≡ Menu

Questions to Ask a Probate Attorney When Meeting or on the Phone

Questions to Ask a Probate Attorney

If you are planning to hire a probate attorney, there are certain questions that you should ask them first. Losing a loved one is always a difficult experience, not only emotionally but physically, as well. It is a difficult physical experience because you might also be tasked with the responsibility of settling the estate: preparing the funeral, searching for the will (if there is any), getting the will admitted to probate, settling the debts, and distributing the remaining proceeds to the beneficiaries.

It is always essential to consult with a probate attorney to ensure you are on the proper track in settling an estate of a deceased loved one. The questions to ask a probate attorney can be categorized as substantial, expertise, and financial.


First, it’s always important to ask questions about the probate proceeding.

Do I need to go through probate?

In New York, if the decedent had no property, no court proceeding is required. This is because there are no assets to distribute.

If the decedent had personal property of less than $50,000, it’s called a small estate, and the court appoints a voluntary administrator.

If real property is involved, it’s not considered a small estate anymore. If there’s a will, a probate proceeding is filed. If there’s no will, an administration proceeding is filed.

If the value of the estate is $50,000 or more, if there’s a will, it needs to go through probate in order for the will to be admitted as authentic and validly executed. If there is no will, New York’s intestacy laws will apply, and the property will pass to the relatives most closely related to the decedent. In that case, a petition for the issuance of letters of administration is required for the appointment of an administrator who will manage the property of a decedent who died without a will.

What property is included in probate?

In New York, all property owned by the decedent in his own name without a designated beneficiary is generally a probate asset. Properties owned jointly by a decedent, owned with a designated beneficiary, or that pass by operation of law are generally non-probate assets. Examples of non-probate assets are: household goods that are immediately transferable to other family members living in the household at the time of the decedent’s death, trust assets, life insurance proceeds, assets held in an account designated at a “Payable on Death (POD)” or “Transfer on Death (TOD)” account, retirement or pension accounts, and certain types of jointly owned property if owned with “rights of survivorship.”

How long will the probate process take?

It generally depends on the size of the estate, the possible number of heirs, and if there are disputes as to the authenticity of the will or the property in the estate. It could take anywhere between a few months to a year or more. Your attorney will be able to give you an estimate depending on the circumstances of your case.

How are creditors handled?

All estate creditors are entitled to payment prior to the distribution of proceeds to the heirs. In New York, there is a particular hierarchy or order in paying the creditors. Your probate attorney should be able to guide you in this aspect.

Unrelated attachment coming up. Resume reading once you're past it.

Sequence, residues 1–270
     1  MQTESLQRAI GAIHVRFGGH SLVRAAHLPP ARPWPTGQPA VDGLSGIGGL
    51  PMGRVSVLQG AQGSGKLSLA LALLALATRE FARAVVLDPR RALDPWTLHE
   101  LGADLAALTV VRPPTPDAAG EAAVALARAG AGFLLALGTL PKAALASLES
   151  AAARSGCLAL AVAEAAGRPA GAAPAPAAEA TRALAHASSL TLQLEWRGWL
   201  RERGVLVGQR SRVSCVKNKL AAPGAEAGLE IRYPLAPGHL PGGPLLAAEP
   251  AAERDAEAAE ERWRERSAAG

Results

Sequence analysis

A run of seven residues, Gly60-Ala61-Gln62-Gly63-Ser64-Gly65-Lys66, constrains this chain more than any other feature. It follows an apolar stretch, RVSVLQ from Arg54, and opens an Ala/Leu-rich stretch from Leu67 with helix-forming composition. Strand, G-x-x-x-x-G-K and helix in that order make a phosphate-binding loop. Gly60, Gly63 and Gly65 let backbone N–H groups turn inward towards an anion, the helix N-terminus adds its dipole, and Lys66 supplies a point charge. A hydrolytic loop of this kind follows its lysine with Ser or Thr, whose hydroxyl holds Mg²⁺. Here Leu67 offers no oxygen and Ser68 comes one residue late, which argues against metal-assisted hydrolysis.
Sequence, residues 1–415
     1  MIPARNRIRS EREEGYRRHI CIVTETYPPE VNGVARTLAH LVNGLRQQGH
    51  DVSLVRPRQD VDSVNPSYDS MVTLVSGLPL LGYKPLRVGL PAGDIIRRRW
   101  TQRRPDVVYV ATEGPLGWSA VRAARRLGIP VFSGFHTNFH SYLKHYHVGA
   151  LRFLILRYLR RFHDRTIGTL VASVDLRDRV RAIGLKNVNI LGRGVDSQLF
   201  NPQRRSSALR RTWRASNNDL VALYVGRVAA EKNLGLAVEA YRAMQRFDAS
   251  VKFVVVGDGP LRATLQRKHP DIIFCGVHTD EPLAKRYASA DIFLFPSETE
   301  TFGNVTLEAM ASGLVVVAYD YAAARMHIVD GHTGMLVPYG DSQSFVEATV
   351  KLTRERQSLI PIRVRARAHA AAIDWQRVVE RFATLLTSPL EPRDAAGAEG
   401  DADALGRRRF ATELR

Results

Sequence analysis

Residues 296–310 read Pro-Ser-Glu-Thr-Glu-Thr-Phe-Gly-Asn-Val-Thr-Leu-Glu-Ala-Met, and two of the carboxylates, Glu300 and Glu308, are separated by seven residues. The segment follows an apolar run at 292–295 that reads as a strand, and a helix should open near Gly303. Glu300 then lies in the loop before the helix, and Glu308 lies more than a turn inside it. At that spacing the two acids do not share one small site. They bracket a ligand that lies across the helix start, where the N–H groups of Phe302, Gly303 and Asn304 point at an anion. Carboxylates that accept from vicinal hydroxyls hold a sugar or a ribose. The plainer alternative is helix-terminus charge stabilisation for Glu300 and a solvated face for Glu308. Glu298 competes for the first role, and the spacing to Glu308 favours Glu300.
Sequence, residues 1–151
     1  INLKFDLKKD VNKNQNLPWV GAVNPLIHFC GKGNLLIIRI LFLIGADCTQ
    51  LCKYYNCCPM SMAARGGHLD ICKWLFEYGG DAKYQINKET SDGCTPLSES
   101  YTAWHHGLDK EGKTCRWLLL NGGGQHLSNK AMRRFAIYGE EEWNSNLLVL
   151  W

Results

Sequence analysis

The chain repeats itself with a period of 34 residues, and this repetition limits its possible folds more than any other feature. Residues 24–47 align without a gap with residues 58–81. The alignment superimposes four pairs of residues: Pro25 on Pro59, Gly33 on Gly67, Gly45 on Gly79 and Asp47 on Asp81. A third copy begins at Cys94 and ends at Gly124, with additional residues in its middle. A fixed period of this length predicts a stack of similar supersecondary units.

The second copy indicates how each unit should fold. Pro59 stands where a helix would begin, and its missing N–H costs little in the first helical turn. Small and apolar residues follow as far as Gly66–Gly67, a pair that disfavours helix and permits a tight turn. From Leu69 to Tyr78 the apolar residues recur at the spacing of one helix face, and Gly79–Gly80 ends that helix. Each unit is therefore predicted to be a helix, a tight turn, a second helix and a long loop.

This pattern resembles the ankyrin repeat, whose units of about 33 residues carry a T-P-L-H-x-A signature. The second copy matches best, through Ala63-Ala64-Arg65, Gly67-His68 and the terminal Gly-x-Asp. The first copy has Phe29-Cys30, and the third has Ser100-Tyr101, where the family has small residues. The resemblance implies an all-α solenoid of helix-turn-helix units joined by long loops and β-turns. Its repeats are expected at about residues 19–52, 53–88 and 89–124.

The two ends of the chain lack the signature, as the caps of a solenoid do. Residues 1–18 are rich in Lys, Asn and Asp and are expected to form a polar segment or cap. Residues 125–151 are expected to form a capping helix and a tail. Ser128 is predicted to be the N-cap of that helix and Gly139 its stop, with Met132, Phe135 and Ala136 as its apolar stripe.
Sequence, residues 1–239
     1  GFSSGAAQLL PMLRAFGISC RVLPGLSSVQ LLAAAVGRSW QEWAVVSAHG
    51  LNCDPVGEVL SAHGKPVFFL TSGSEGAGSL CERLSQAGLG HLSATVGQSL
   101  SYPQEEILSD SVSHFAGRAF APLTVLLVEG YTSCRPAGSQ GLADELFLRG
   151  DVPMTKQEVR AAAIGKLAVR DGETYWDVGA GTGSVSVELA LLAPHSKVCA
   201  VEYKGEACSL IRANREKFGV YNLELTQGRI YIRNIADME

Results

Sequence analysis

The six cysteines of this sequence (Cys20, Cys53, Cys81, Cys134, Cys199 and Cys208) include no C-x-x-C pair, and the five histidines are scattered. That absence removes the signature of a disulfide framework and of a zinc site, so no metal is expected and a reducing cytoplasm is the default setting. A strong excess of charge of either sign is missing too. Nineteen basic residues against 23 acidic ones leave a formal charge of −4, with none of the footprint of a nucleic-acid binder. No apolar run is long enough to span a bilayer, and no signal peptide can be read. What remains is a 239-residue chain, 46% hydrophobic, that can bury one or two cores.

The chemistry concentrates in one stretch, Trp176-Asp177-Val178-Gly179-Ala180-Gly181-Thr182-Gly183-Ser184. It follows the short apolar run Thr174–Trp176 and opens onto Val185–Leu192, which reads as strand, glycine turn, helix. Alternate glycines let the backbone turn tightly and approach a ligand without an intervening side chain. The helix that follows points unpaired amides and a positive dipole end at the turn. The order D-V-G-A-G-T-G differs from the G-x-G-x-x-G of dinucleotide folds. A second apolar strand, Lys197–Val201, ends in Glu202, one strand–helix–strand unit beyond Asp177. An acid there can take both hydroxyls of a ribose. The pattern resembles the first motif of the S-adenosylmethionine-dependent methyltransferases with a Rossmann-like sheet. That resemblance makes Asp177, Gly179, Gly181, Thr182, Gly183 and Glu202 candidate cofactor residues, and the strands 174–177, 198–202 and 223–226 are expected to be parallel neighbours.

What questions would you ask a probate attorney if you were in my shoes?

You don’t have to come up with all of your own questions. You can ask them to think of some questions themselves and answer them for you!


Second, it’s important to determine the expertise of the attorney to see if he has enough experience to handle your case effectively and efficiently.

How much of your practice is devoted to probate law?

There are some attorneys who handle other types of cases aside from probate law. There are some attorneys who specialize in probate law. Find someone who has this specialty because an inexperienced attorney might make mistakes in the filing, which can translate to substantial costs, or may do the procedure properly but at a slower pace than an experienced probate attorney. It’s best to trust an attorney in New York with an expertise on probate law.

Have you handled a similar case like mine?

Several problems might arise in an estate case. An ambiguous clause or gift can trigger intestacy. There could be challenges as to the validity of the will, or a beneficiary’s death might trigger substitution of heirs. Your probate attorney should have similar experience to the issue you are facing.

Have you handled a similar case in the same court?

Each county is different, and every judge has their own rules. It will be easier if your probate attorney has had experience filing and appearing in that particular county with jurisdiction.


Lastly, there are questions to ask a probate attorney about the fees and fee structures that they offer. An attorney can charge an hourly fee, which on average is $500/hour. For smaller estates, they could charge a flat fee of $4000. If the estate has a possibility of recovering an asset, but also includes a risk of not recovering it, the attorney can charge a contingency fee, normally 1/3 of the value of the estate that is recovered.

Given above, it’s important to know the following. If the fee is hourly, how many hours have similar cases taken? If it’s a flat fee, is there a possibility that the attorney will charge an increase if the matter becomes more complicated than what has been foreseen? Also ask about an estimate of court fees.

Ultimately, an experienced attorney should be able to adequately answer the above questions in order to help you navigate the process of settling the estate of a deceased loved one.

If you are looking for a probate attorney, we at the Law Offices of Albert Goodwin will be happy to answer all of your questions. You can reach us at 718-509-9774.